Wilton seventh grader pleasantly surprised by numerous science awards
Middlebrook seventh grader Anika Bhagavatula said winning best in fair at this year’s Middlebrook Science and Engineering Fair and numerous awards at the Connecticut State Science and Engineering Fair was a surprise.
“My dad has a Ph.D. in physics, my mom is also very scientific, and my grandpa was a scientist, so they’ve always kind of pushed science in my way,” she said.
“I wasn’t so interested, but this year, I started really getting into science and it all started off with the school Shark Tank Competition.”
In November, members of Middlebrook’s seventh grade green team completed a unit on Latin America with their own version of the ABC show Shark Tank. For the competition, groups or “organizations” of students conducted independent research, identified areas of economic abundance, and chose an abundance to develop into a product or experience that would increase the economic value of exports in a Latin American country and add jobs for its citizens.
Anika’s group made a tablet from banana skins designed to remove metals from drinking water and won the competition after accepting an offer for an equity investment of $400,000 for 20% of the company from the panel of shark investors.
“When I learned about how bananas can purify water, I really wanted to test it,” said Anika. “The project took me a few weeks.”
For her project, Anika investigated an alternative purification method using banana peels. She formulated and tested copper-contaminated water and fertilizer- contaminated water to see whether banana peels are capable of removing heavy metals and fertilizers, which she proved to be extremely effective.
Anika spent about two or three weekends experimenting and another two weekends working on her board, for which, she said, “we had to make charts and graphs and everything.”
Anika said she “had no idea” she would win the Middlebrook Science and Engineering Fair but hoped she had a chance. After the third- and second-place winners were announced, Anika said, her hope began to fade — until her name was called for best in fair.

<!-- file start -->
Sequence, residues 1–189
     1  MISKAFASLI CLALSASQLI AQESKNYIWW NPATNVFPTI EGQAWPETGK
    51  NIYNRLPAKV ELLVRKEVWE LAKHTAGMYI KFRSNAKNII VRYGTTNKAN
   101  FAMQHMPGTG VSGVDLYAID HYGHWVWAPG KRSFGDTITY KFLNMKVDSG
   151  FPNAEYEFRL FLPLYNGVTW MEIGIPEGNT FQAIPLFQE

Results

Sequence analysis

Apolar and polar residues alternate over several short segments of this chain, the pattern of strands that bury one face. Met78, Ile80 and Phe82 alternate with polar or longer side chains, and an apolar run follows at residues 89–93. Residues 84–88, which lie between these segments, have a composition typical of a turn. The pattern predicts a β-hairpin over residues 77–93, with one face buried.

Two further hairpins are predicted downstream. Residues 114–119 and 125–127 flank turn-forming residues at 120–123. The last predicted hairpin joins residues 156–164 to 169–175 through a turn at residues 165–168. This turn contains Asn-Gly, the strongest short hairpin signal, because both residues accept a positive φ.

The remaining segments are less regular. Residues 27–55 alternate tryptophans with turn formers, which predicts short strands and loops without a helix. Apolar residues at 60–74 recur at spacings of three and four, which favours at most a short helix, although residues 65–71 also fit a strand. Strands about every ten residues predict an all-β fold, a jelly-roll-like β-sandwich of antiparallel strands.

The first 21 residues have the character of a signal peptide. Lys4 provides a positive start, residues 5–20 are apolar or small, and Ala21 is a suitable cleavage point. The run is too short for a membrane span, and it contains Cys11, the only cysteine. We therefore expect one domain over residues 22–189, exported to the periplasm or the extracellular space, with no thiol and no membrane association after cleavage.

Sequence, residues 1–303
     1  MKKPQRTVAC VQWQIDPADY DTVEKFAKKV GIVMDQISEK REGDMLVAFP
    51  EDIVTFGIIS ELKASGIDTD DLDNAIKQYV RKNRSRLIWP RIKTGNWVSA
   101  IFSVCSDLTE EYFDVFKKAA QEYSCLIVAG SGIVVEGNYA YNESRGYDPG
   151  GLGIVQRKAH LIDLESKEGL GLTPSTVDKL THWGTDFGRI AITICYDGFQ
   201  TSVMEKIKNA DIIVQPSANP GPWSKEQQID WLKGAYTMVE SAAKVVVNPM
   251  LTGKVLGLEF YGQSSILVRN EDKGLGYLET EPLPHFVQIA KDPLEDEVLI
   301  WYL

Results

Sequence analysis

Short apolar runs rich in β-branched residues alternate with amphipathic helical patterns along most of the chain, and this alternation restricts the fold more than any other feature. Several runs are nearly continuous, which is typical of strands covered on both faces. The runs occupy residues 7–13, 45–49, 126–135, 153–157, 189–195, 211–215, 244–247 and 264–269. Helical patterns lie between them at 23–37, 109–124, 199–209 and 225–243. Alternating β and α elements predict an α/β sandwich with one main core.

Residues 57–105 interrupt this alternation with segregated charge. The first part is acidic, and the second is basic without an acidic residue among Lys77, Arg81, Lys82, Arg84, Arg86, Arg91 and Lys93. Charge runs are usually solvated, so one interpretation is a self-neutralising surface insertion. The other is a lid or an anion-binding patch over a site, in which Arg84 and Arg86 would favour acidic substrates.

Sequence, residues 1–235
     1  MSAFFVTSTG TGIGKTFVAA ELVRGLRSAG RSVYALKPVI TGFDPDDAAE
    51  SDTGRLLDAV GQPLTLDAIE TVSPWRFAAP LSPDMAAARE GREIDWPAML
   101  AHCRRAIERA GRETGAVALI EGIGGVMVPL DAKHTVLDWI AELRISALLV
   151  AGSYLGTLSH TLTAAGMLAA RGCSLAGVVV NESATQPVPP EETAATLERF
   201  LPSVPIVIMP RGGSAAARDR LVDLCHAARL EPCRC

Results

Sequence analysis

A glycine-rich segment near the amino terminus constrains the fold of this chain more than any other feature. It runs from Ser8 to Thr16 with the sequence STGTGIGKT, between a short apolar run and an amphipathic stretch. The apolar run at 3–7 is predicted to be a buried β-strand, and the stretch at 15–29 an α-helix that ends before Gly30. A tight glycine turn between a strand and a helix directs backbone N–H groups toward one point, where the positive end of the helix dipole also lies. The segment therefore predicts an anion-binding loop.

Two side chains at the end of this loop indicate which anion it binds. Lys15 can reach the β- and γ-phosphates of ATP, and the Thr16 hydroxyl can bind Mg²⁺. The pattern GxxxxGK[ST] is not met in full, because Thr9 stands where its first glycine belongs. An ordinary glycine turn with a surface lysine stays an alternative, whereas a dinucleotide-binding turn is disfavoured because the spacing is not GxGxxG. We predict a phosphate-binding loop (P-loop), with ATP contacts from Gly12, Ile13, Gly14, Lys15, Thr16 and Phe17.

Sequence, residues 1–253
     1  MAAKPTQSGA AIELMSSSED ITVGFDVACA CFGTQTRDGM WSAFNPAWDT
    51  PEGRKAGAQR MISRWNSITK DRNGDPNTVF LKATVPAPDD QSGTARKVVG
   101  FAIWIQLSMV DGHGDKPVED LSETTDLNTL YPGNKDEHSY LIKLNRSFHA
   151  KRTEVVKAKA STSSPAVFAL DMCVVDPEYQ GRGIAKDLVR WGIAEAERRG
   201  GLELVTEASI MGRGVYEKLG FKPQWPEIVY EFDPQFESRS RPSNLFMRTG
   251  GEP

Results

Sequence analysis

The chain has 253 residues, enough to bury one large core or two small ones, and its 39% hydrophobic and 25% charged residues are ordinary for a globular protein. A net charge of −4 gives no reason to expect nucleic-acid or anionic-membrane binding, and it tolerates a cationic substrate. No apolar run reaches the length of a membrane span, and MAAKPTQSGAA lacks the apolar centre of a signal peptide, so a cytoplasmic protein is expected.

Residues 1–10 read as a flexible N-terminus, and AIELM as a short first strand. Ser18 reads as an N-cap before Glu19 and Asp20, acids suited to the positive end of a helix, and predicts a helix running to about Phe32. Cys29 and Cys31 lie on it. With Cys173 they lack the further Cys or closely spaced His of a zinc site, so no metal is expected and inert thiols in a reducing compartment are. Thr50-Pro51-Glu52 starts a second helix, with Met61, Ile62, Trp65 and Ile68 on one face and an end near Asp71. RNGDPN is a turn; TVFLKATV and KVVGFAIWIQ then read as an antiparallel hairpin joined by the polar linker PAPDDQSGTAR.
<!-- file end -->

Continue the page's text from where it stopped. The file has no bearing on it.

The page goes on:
“When they announced best in fair, I was like, ‘I don’t think this is happening,’” she said. The surprises didn’t stop there.
Anika said she “really didn’t expect” to win at the state-level science fair in March but wound up taking home eight awards, including:
- First place: Petit Family Foundation Women in Science & Engineering Award: Middle School Life Sciences.
- First place: Environmental Sciences Award with CACIWC: Middle School.
- First place: Sustainable Resources and Practices Award: Middle School.
- Second place: Pfizer Life Sciences Award: Seventh Grade Life Sciences.
- Second place: Alexion Biotechnology Award: Seventh Grade Biotechnology.
- Special awards from the U.S. Navy/ U.S. Marine Corps Office of Naval Research, the Institute of Food Technologists, and the Connecticut Invention Convention Next Step Inventors.
“I really didn’t expect to win, because when I first walked in, I saw some high schoolers carrying these big boards that were filled with information and I was like, ‘OK, I don’t have a chance here at all,’” said Anika. “Then I set up my board and saw the projects were actually pretty similar to mine.”
When she was called back as a finalist, Anika saw a bunch of ribbons on her board, she said, “and I thought, ‘OK, my project qualifies for a lot of things so I have a chance of winning.’”
“Actually winning it, I was so surprised — but it was really exciting,” she said. “It was something I had never experienced in my life before.”
The Middlebrook and Connecticut State Science and Engineering Fairs may be the first science-related awards Anika has ever won, but she’s no stranger to placing in other competitions, including first place for printmaking in the Silvermine Art Center’s 24th Annual Juried Student Exhibition and second place for visual arts in the 2015 state level PTA Reflections Program.
“Now that I’ve had exposure to other people’s science projects and so many different aspects of science, I’ve learned that there are so many interesting things and so many ways to go in science,” she said, “and going to science fairs and winning has really opened a new door for me.”
Although joining a science-related club or after-school activity could be in her future, Anika said, her current schedule is quite packed, with swimming for the Wilton Wahoos, running for the Wilton Running Club, playing piano and clarinet, and drawing.
As for what she wants to be when she’s older, Anika said she doesn’t know. “I’m just trying new things.”